The Australian Government will bring forward a scheduled review of airport regulation and pricing after the ACCC released a report yesterday which suggested Sydney Airport may be using it’s monopoly position to generate unfair returns by charging higher prices.
Sydney International Airport, of which 74 percent is owned by Macquarie Airports Group was for the fourth year running, awarded last place amongst Australia’s five major airports in a report by the Australian Competition & Consumer Commission.
The ACCC report found that while Sydney Airport’s ‘aeronautical revenue’ increased by 5.4 percent, passenger numbers actually decreased in the year to June 2009. This lead to the conclusion that Sydney Airport was likely to be abusing its market position and unfairly charging users of its facilities.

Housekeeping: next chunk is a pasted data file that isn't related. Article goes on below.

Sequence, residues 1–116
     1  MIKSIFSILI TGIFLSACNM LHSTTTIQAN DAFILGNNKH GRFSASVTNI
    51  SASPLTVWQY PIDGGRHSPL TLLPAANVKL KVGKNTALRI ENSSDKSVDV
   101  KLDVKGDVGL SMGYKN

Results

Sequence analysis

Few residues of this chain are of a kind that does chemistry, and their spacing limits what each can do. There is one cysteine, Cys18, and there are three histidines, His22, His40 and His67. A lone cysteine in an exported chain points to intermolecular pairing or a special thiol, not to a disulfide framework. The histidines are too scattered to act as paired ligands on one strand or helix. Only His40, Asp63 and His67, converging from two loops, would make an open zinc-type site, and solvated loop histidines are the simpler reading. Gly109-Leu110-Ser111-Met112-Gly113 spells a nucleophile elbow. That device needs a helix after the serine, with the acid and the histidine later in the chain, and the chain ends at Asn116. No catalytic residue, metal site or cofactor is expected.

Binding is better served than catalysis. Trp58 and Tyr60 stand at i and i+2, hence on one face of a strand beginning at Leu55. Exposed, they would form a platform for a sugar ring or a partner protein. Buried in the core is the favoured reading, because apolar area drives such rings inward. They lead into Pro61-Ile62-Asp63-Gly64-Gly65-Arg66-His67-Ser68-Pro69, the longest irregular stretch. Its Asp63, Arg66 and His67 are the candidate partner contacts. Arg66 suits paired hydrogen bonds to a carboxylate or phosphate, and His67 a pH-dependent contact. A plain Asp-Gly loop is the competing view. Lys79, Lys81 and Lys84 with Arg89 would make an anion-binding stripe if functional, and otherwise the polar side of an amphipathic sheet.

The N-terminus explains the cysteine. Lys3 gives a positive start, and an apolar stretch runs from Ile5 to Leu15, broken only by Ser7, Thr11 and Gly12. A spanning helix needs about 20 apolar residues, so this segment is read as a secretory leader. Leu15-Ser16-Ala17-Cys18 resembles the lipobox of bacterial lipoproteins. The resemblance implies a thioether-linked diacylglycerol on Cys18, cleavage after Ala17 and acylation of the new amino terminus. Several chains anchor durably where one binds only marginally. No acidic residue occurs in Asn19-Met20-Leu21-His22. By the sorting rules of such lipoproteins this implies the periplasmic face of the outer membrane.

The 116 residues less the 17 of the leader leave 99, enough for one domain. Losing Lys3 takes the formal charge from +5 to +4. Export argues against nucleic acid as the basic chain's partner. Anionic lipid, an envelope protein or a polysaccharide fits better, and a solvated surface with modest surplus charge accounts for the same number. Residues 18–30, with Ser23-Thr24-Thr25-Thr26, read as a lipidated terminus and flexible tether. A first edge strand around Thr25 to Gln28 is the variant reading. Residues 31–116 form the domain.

“The indications are that Sydney Airport has increased profits by permitting service quality to fall below that which the airlines reasonably expect,” ACCC chairman Graeme Samuel said.
In response to the ACCC’s submission, Federal Transport Minister Anthony Albanese has asked the Productivity Commission to move their planned review of pricing and regulatory regimes for airports forward from 2012 to before the end of this year.
“As a result of this ACCC report I have asked the commission to bring that forward to as soon as possible,” Mr Albanese said
“The former government had a tick-and-flick approach to airports. I won’t be doing that,” Albanese told reporters. “All the airports are on notice and they know that the government expects them to lift their game.”
While the airports are leased to private operators, Mr Albanese is confident the government can influence the airport operators.
“What we can do is ensure that we have appropriate monitoring mechanisms there and that we hold them to account.” Mr Albanese said.